There are many ways a stockbroker can violate legal and ethical obligations to a customer, and in most cases, the broker’s employer — often a large brokerage firm — will be obligated to pay the damages. The most common types of broker misconduct are:
Recommending Unsuitable Investments
A great investment for one person can be a very foolish investment for someone else. For that reason, an investor’s personal circumstances must be carefully considered by the broker when he or she is recommending investments. A 40-year old unmarried surgeon should probably invest very differently from a middle-class parent planning for her kids’ college years. A 70-year old retiree on a pension should not invest in the same way as a wealthy 70-year old business owner who is still working. Stockbrokers have the duty to know their customers and to ensure that each recommended investment is suitable for that customer in light of factors such as the customer’s age; financial status; investment knowledge and experience; short term and long term needs and objectives; and ability and willingness to tolerate risk and withstand loss. If you lose money in an unsuitable investment, the broker is responsible.
Misrepresenting or Omitting Facts
You need to know a lot of facts to intelligently decide whether to buy or sell an investment. Some brokers lie about things you need to know. Some brokers don’t necessarily lie, but they withhold certain facts that might affect your investment decision. And some brokers who misrepresent or omit facts are simply careless. But whether the broker’s misrepresentation or omission is fraudulent or simply negligent, if it caused you to make a poor investment, the broker may be liable for your loss.
Excessive Trading or “Churning”
Remember that any broker who is compensated by commissions earns those commissions whenever you buy or sell, and whether you make money or lose money. When a broker who has discretion to control the investments in your account engages in excessive trading in order to generate commissions, that’s churning, and churning is fraud. Your broker can be sued for churning your account.
Engaging in Unauthorized Trading
In most instances, a broker is permitted to buy or sell a security only after receiving your permission to do so. But sometimes, brokers engage in unauthorized trading. Unless you have given the broker the right to exercise his or her own discretion in handling your investments, unauthorized trading constitutes a breach of the broker’s fiduciary duty and a violation of your rights. The unauthorized trades can be voided and resulting losses can be recovered from your broker.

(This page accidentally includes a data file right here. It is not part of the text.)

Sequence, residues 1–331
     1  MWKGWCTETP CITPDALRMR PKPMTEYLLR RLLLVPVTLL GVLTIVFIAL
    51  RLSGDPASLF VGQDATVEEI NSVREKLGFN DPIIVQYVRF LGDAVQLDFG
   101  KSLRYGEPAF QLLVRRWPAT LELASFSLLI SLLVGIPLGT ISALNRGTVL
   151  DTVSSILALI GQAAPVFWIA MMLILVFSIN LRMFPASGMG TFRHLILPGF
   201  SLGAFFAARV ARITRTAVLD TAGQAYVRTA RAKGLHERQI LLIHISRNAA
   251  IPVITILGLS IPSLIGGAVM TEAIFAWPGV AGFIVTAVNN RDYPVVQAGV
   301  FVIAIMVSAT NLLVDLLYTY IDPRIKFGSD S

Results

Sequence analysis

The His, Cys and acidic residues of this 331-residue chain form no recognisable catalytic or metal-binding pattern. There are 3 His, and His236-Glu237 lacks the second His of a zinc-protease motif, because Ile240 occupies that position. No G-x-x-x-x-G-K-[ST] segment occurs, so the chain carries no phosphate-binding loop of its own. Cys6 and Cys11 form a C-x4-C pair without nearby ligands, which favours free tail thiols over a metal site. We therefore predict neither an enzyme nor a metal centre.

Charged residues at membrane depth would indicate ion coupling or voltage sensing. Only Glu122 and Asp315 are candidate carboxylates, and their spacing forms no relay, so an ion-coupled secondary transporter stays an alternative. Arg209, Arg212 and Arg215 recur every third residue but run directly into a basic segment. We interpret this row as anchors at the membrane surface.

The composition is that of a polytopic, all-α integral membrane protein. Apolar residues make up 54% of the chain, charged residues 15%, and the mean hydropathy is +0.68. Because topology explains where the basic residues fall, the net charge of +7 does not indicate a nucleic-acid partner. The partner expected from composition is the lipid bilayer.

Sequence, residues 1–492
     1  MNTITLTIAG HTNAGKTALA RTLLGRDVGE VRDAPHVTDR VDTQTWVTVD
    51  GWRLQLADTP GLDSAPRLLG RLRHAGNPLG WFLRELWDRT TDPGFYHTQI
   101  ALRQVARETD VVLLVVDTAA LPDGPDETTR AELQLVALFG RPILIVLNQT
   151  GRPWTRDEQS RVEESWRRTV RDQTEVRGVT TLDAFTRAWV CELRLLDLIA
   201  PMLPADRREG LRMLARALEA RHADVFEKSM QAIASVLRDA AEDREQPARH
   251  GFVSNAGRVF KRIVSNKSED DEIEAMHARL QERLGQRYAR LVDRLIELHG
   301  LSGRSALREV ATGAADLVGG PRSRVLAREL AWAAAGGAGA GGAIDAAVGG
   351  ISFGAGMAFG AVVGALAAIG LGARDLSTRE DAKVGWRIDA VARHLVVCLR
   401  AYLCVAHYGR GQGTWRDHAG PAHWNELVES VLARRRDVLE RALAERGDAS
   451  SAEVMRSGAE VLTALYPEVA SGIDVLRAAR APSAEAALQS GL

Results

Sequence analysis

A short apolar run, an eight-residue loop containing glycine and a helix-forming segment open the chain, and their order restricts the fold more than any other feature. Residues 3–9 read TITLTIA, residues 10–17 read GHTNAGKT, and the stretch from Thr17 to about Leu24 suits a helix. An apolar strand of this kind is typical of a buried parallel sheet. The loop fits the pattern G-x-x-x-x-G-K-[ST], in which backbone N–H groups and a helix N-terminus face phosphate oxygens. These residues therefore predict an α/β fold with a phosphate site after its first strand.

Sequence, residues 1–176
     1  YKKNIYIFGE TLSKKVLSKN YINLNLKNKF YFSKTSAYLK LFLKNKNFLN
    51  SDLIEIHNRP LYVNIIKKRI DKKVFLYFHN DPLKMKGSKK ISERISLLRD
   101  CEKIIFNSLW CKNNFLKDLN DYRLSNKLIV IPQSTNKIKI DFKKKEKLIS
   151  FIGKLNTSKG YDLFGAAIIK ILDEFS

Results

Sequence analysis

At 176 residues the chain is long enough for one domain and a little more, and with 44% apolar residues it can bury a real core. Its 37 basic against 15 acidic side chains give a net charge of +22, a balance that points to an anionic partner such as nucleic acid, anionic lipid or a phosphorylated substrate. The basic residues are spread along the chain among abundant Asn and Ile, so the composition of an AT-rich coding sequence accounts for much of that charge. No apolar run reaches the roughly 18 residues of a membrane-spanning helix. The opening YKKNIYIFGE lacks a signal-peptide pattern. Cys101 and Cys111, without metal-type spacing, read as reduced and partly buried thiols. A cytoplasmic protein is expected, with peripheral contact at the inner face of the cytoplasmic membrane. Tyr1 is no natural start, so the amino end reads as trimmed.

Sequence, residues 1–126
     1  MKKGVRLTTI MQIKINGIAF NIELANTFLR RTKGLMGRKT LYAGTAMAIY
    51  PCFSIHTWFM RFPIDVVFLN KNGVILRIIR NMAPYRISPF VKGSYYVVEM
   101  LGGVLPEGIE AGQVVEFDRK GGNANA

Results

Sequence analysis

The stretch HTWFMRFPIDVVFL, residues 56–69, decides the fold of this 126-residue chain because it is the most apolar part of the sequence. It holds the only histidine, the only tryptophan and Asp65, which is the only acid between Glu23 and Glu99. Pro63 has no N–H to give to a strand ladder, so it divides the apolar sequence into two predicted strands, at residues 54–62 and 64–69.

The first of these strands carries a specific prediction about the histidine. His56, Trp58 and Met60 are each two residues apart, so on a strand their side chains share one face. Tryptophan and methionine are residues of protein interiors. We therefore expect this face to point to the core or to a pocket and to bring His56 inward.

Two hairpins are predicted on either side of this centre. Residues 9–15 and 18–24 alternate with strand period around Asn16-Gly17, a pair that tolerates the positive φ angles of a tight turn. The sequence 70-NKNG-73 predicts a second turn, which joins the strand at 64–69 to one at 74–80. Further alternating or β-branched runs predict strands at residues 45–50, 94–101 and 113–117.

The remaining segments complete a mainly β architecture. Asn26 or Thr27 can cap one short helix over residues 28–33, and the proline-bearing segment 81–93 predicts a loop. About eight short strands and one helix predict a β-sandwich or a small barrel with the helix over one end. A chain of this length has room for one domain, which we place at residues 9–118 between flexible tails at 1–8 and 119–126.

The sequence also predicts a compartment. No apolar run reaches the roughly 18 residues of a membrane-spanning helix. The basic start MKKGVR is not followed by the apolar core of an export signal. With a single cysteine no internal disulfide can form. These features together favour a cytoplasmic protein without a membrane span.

Failing to Follow Instructions
Your broker usually is obligated to follow your instructions with respect to buying or selling a stock. If you instructed your broker to buy or sell and he or she failed to do so, the upward or downward movement of that stock might cost you a lot of money. In some instances, the broker won’t necessarily ignore your instructions but, for his or her own benefit rather than yours, might pressure you to hold the stock wanted to sell. Failure of a broker to follow your instructions, and even improper pressure to change your instructions, can be grounds for recovering your loss.
Misappropriation and Other Criminal Activity
Occasionally, a broker will engage in plainly criminal acts like theft, fraud, and forgery. In essence, the broker hatches a scheme to steal your money. Sometimes this scheme will involve what is known as “selling away,” meaning the broker’s investment activities are being done on the side and aren’t being reported to or approved by the brokerage firm that employs him or her. Brokers have even been known to sell investments that don’t exist. You have the right to seek recovery for any fraudulent conduct that results in misappropriation of funds by a broker.
A broker generally has the duty to recommend that the customer’s account be diversified among different investments, investment classes, and industries. Proper diversification is one of the best ways to control risk and avoid excessive losses. If a broker concentrates too much of your portfolio in one type of investment, (such as stocks), or puts too much of your money in only one or two different stocks, or buys too many stocks in the same industry, you face a much greater risk of suffering a large loss. For instance, millions of investors lost money beginning in early 2000 because their brokers had concentrated their accounts in high-flying technology stocks that plummeted en masse. A broker who fails to recommend a properly diversified account can be liable for some or all of your losses.
WARNING: Deadlines apply to all of these rights of recovery. Delay can result in your claim being time-barred, or a particular forum may refuse to hear your complaints. But these deadlines are complicated. Don’t procrastinate in seeking qualified legal assistance. Likewise, don’t give up because you assume you’ve waited too long. Tony Hartman, Jay Salamon, and Hugh Berkson are lawyers who exclusively represent clients hurt by the misconduct of investment professionals such as stockbrokers. Ask us to look at your case. We’ll let you know how much time you have to proceed and what we can do to help you.